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Replay (2003)

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The viewer becomes the eyes of two detectives who never appear on camera as they unravel a mystery on a video screen, watching tapes from twenty-one hidden cameras which have captured a ... See full summary »







Cast overview, first billed only:
Blu (voice)
Belinda Brown
Seth Collison
Chester Robb
Richard Pelzman ...
John Lumia ...
Douglas Crosby ...
Tim Caggiano ...
Jeff Perryson ...
Jay Hillmer ...


The viewer becomes the eyes of two detectives who never appear on camera as they unravel a mystery on a video screen, watching tapes from twenty-one hidden cameras which have captured a crime in progress. Three gunmen break into the home of gem dealer Seth Collison to steal the Sophia Diamond, a thirty-three carat stone valued at ten million dollars. Five minutes later the gunmen are dead. The case is closed before police find out about the hidden cameras. At eleven o'clock that night, the task of watching the tapes falls to secondary detectives Blu and Scotty. Through their eyes we discover what really went down. Written by anonymous

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Do You See What I See? See more »


Crime | Mystery



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Release Date:

November 2003 (USA)  »

Also Known As:

21 Eyes  »

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Did You Know?


Blu: [Watching Belinda on tape] What about her?
Scotty: For the inside man?
Blu: For you, she'd be perfect.
Scotty: Perfect? She only has nine fingers.
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References The Maltese Falcon (1941) See more »

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User Reviews

1 April 2006 | by (Virginia Beach) – See all my reviews

I've been thinking a lot about what makes a movie good, or better, what makes it likable. It seems there are all sorts of paths into likability. The emotional engagement, the world that surrounds it, the titillation, the challenge. Sometimes it is not the movie itself at all, but the memory of it.

Or. Or the idea of it. Mel Gibson's Jesus movie was a success based on the idea of the thing. All the movie itself had to do was support that idea. So-called puzzle movies fit this.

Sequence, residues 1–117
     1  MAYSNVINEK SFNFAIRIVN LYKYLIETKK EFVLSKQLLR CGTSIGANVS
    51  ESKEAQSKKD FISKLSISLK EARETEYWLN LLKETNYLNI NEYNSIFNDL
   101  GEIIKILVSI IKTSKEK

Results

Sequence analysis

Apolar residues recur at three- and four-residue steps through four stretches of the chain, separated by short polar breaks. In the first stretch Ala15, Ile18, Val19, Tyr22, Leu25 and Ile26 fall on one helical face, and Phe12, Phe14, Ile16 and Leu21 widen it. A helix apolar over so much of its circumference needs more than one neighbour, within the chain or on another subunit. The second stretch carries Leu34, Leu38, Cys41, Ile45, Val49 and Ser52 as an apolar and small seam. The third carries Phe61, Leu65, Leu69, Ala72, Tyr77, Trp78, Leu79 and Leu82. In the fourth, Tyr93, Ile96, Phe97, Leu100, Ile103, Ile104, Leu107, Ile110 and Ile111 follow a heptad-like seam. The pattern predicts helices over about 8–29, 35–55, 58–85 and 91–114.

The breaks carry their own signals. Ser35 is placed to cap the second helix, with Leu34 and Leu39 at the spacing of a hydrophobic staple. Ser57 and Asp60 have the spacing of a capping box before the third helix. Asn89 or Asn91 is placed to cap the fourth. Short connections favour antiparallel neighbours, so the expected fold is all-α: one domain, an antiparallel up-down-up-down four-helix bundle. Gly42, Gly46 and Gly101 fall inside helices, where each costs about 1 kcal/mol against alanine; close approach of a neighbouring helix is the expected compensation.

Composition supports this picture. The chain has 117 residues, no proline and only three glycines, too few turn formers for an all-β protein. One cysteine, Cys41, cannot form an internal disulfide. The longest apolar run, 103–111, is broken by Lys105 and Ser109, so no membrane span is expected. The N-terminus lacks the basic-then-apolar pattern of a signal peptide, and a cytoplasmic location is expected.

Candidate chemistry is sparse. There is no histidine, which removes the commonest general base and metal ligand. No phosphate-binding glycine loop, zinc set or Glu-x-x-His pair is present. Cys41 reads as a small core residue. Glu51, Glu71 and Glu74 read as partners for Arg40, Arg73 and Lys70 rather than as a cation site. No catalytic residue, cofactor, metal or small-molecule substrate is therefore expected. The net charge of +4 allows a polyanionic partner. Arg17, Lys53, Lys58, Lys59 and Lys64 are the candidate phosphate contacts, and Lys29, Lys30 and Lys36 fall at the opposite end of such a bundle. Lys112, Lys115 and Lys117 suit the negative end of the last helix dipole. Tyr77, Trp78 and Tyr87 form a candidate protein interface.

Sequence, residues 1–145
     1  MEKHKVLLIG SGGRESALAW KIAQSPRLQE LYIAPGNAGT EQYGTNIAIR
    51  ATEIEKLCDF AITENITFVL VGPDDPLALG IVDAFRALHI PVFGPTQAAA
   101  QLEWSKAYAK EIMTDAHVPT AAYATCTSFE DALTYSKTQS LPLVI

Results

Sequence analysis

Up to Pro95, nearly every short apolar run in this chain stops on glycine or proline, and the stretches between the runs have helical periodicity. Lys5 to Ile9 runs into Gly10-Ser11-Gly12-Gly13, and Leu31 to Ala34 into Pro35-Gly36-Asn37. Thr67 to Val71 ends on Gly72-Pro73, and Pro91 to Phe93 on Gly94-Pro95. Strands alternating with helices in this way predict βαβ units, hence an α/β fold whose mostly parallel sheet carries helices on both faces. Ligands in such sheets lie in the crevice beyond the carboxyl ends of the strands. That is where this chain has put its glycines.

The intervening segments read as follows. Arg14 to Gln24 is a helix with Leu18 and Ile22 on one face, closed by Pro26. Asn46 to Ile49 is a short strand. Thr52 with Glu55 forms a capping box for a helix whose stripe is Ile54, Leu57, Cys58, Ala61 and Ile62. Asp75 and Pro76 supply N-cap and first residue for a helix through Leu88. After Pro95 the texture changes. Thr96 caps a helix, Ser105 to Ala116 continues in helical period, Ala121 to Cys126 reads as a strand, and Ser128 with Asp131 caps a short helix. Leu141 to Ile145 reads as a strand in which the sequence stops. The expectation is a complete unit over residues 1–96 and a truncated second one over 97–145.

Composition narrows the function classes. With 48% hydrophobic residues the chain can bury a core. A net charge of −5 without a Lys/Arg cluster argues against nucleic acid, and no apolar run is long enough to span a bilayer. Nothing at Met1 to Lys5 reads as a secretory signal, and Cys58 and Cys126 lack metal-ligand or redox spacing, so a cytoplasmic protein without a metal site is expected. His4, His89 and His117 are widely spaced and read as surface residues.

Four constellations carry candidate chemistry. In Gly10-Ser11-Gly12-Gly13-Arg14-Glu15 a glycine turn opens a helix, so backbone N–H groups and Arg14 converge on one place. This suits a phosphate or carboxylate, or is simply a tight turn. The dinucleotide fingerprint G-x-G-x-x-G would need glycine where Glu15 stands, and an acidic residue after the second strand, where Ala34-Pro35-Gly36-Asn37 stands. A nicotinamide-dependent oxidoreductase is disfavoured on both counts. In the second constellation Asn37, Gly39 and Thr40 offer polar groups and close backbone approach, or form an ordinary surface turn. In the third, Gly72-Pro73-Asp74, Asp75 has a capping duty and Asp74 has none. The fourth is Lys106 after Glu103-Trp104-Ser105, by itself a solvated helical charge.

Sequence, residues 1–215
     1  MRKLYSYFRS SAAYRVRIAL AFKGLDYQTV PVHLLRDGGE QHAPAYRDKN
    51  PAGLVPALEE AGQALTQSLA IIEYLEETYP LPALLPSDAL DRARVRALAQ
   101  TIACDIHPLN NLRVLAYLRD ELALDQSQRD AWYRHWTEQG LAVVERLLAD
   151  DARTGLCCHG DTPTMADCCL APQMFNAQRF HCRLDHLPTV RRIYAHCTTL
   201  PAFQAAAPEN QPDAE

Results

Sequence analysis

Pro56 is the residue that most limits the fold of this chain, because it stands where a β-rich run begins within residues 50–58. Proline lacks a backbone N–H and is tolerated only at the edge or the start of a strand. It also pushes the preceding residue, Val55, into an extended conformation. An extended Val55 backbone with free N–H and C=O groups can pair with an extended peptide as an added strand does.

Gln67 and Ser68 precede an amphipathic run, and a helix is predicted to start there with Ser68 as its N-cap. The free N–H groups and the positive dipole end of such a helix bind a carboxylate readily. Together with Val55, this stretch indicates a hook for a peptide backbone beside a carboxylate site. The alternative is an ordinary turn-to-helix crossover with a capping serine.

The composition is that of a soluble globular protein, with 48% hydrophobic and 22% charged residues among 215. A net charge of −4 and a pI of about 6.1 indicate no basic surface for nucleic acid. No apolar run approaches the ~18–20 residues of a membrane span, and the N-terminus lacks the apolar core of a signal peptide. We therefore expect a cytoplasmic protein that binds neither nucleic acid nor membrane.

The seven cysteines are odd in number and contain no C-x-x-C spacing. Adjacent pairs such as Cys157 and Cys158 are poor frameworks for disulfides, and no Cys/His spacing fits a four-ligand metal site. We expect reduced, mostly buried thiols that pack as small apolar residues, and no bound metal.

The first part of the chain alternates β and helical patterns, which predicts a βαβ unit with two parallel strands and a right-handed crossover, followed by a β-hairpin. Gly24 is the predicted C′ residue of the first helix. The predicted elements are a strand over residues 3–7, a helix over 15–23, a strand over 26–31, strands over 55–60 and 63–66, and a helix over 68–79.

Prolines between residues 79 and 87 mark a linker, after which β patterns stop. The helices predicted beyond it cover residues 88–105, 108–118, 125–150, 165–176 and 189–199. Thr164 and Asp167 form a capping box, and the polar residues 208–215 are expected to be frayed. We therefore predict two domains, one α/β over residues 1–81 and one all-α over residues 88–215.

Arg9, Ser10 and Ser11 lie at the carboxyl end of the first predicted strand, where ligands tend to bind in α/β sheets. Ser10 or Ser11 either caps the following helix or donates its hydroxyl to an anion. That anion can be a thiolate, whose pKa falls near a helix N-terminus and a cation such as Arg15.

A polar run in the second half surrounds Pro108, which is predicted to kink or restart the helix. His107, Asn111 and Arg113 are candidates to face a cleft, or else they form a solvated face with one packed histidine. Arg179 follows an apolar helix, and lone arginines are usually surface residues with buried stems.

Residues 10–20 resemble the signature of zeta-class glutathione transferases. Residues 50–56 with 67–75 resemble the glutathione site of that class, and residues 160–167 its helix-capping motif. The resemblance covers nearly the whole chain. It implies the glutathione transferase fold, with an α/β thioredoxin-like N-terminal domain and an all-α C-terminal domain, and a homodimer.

Now here's the interesting question. "Irreversible" and "Memento" were powerfully engaging. ("Irreversible" is a puzzle movie much deeper than the other.) Do we like these because they used the puzzle to trick us into engaging? Or is it the other way around?

Do we like "Timecode" because it requires investment and we make it, or because the idea of the thing is so cool we get the thrill from ideasurfing?

This movie is an odd one. It just barely misses. I'm tempted to think that with a different voice-over tone and script it would be a cult hit. It seems to have already gone through some re-engineering. I've seen the DVD version and it sounds as if the original version was a bit more risky and to my taste.

What you have here is what I call a completely folded film. A simple folded case would be a movie that has a movie within it and the two reinforce each other in some way. In this case, all we see, 100 per cent, is the movie within, literally many (I didn't count 21) surveillance cameras filming one short sequence: a robbery and four deaths.

We hear but never see two detectives and occasional buddies watching these and teasing out the hidden solution. There's only one red herring and it isn't a very complex mystery. The adjustment for the DVD seems to have made the solution easier, and that's a shame.

It is a very, very cool idea, though, cool enough for me to value it worth watching. The idea is the thing here. The movie, well it has some deficiencies. But among them surely isn't the editing.

You know, bad editing is something that kills a movie without the viewer knowing why. On the other hand, it can be a silent goddess charming you into the thing. The poor quality of the video, the uninspired voice-over, the simple mystery. All these things are largely overlooked because of the way the engaging camera angles, the obvious voyeurism, and the clever editing draw us in.

"Snake Eyes" may be the coolest of this type. This could be the "Cube" of this genre.

Ted's Evaluation -- 3 of 3: Worth watching.

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